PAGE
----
Mar 072018


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Every day — whether it’s the landlords charging ever more rent for ever shittier apartments, the boss pushing you to work harder, the business association lobbying for more cops, or just the Audi that cuts you off in rush hour — the rich make our lives worse. Every day we have to deal with their attacks on us, but every once in a while we can find a way to strike back.

On Saturday night, I met up with a group of people in the Durand neighbourhood, strolled along Aberdeen and up some of the side streets attacking the luxury cars and mansions we found there, making noise with a portable sound system and loads of fireworks. The march then turned down Locke and attacked as many yuppie businesses as we could before deciding to disperse. The police say we ran from them, but I didn’t see a single fucking cop after they were chased off up on Aberdeen.

To all the undoubtedly sincere and principled anti-capitalists on the internet who wonder why the Starbucks didn’t get smashed but all the poor, sweet small businesses did, it’s only because it was just a bit too far north. My one regret from the evening.

As the comrade Kirk Burgess explained on Twitter:

“Imagine being so mad about gentrification; that you round up some loser friends, cover your faces, and run riot in one of the city’s most affluent neighbourhoods. Throwing bricks at homes and businesses. You’re disgusting.”

That’s more or less it Kirk, me and my loser friends.

All my worst bosses have been small business owners — the problem isn’t the size of the business, it’s that the relationship is exploitative. When someone decides to be a capitalist, making money through their investments rather than through their labour, their position relative to changes in the city becomes fundamentally different. Gentrification, as an example: when rents go up, it means they make more money (rather than lose their home); when prices go up and rich people move in, it means a chance to sell luxury goods (while we work for minimum wage); when more police and surveillance come in, it secures your investment (while we get harassed and pushed out). They are getting rich because our lives are getting worse.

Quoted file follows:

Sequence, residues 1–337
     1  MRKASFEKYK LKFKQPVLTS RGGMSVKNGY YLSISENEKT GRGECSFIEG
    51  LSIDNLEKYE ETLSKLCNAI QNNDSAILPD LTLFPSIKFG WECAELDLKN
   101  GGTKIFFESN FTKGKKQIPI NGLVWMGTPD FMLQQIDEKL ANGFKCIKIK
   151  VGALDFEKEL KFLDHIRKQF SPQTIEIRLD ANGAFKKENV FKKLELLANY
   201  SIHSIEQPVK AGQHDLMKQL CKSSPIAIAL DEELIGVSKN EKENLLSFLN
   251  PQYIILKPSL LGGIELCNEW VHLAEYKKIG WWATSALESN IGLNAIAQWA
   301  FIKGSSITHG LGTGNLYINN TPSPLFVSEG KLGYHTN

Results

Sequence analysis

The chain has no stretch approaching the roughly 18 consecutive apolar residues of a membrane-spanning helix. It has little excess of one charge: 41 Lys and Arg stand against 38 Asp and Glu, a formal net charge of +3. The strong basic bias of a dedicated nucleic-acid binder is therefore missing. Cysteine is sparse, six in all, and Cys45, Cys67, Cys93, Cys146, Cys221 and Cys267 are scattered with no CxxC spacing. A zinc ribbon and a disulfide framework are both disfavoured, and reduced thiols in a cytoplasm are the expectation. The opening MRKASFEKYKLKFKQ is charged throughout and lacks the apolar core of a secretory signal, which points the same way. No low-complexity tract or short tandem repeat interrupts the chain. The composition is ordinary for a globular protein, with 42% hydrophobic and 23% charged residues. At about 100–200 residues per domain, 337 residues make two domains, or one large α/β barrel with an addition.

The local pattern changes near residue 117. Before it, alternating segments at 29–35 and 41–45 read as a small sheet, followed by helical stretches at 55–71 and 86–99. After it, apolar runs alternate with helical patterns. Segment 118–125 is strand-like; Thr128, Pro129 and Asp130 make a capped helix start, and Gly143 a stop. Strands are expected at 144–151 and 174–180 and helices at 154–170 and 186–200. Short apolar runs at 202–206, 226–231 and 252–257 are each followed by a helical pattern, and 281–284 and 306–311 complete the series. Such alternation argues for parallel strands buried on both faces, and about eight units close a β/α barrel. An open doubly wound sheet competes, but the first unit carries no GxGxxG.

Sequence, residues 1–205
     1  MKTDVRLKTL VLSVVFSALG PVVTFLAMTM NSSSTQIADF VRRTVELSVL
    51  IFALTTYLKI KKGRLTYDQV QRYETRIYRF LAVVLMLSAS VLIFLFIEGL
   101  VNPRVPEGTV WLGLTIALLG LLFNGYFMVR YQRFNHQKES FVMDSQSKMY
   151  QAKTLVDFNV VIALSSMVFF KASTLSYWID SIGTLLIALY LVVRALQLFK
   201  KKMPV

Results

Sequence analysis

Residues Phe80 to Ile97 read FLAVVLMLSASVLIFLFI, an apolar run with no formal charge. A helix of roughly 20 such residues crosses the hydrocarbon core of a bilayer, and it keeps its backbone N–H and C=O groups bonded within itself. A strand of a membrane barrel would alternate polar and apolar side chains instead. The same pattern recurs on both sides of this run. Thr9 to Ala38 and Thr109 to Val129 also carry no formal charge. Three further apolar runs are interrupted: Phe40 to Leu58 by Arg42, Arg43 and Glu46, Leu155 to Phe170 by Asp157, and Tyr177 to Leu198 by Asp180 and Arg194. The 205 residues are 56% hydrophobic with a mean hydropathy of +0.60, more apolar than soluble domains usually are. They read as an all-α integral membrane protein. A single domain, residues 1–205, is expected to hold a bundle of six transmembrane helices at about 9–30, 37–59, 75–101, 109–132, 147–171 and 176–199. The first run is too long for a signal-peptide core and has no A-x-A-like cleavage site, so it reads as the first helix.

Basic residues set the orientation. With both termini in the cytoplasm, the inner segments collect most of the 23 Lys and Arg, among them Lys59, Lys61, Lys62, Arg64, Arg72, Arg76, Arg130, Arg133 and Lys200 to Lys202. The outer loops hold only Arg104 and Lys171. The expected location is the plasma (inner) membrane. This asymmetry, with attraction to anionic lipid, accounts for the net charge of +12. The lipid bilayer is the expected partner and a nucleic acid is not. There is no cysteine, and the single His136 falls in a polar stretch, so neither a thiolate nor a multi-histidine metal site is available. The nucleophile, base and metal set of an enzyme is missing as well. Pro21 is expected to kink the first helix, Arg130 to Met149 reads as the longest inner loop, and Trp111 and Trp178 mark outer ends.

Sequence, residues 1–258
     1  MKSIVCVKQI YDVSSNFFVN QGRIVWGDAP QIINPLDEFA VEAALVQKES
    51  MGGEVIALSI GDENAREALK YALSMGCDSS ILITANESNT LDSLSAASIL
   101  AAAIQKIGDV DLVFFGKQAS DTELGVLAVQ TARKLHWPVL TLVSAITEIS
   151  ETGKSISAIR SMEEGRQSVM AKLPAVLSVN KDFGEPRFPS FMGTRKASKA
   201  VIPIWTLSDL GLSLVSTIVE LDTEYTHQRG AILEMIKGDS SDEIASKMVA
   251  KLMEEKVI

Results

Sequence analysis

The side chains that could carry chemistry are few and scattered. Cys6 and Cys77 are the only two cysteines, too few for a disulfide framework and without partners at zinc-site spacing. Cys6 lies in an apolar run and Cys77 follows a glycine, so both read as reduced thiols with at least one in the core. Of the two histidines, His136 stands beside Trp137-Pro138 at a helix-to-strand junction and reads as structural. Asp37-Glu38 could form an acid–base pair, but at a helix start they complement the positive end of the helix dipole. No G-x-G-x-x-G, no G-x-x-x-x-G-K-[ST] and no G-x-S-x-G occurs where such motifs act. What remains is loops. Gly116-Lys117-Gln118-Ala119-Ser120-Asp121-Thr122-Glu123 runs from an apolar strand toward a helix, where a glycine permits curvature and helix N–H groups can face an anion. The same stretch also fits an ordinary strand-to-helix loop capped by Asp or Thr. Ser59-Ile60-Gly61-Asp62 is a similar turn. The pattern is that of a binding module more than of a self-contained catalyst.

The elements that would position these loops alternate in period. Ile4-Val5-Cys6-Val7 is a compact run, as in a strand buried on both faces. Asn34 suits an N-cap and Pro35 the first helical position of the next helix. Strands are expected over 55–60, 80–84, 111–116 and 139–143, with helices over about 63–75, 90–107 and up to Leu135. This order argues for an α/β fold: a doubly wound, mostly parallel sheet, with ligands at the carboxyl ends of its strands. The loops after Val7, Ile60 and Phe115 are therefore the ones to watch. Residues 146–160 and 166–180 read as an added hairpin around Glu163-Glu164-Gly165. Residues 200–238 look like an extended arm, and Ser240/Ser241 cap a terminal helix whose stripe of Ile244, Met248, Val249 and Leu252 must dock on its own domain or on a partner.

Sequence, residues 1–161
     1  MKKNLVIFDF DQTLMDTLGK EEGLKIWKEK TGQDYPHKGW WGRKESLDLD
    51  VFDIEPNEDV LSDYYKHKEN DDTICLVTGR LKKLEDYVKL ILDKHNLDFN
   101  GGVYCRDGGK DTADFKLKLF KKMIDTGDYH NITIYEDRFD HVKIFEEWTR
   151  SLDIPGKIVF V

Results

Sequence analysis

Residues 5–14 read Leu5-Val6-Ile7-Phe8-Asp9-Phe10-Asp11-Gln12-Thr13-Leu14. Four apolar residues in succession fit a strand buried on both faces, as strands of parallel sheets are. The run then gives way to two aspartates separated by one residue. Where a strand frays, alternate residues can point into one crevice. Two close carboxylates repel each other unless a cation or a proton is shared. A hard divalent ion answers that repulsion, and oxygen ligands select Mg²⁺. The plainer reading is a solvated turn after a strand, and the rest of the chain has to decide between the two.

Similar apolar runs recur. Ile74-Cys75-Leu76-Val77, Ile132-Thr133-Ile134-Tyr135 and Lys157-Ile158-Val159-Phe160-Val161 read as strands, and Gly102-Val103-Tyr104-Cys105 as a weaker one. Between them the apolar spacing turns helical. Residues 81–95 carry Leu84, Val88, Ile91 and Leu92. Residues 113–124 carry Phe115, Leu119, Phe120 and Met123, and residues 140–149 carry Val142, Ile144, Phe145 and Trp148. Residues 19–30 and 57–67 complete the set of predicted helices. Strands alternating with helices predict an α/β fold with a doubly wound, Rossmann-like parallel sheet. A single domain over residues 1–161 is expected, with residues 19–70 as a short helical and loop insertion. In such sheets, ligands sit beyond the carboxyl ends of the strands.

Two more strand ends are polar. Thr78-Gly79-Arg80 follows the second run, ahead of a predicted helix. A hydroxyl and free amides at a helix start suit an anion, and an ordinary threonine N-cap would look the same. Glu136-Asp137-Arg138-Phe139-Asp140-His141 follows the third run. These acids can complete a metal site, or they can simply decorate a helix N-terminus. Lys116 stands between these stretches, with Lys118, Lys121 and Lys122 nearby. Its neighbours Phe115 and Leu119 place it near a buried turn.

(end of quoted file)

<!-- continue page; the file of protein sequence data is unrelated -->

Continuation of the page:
Sure, small business owners may work long hours, but even if I’m putting in 12 hour days next to my boss, and we both scrub the toilet, the fact that they own and I work means our relationship to the work is totally different. When business is good (or when they manage to crowdfund), they’re taking out a new lease on a car or signing a mortgage on an investment property while my check is eaten up by rent, bills, and the grocery store. I’ve got no option but to show up tomorrow while their ability to enrich themselves increases.

Fuck the rich. Fuck capitalists (even the ones who sell high-end baked goods). And to all of you who want to complain about violence, remember that the only reason these parasites get to keep their hands clean is because most often their attacks just look like business as usual.

Should we continue writing letters hoping Jason “I-want-an-Apple-store” Farr will do something? Or believing that somehow Andrea Horwath will stop kissing the Locke St BIA’s ass? Or we could trick ourselves that the solution to economic oppression is more innovative startups, or charity? Should I just keep smiling at the rich jerk in hopes that he’ll give me a bigger tip?

Locke St was downtown’s first gentrified street, its “success story” as Mayor Fred might say, the surrounding neighbourhoods the first to see the rent hikes that have since come to dominate so many of our lives. Turning the tables and finally counterattacking Saturday night helped me to shake off some of the fear and frustration that build up when you’re trapped in a hopeless situation. May the rich remember that they are still within the reach of all the people they fuck over.

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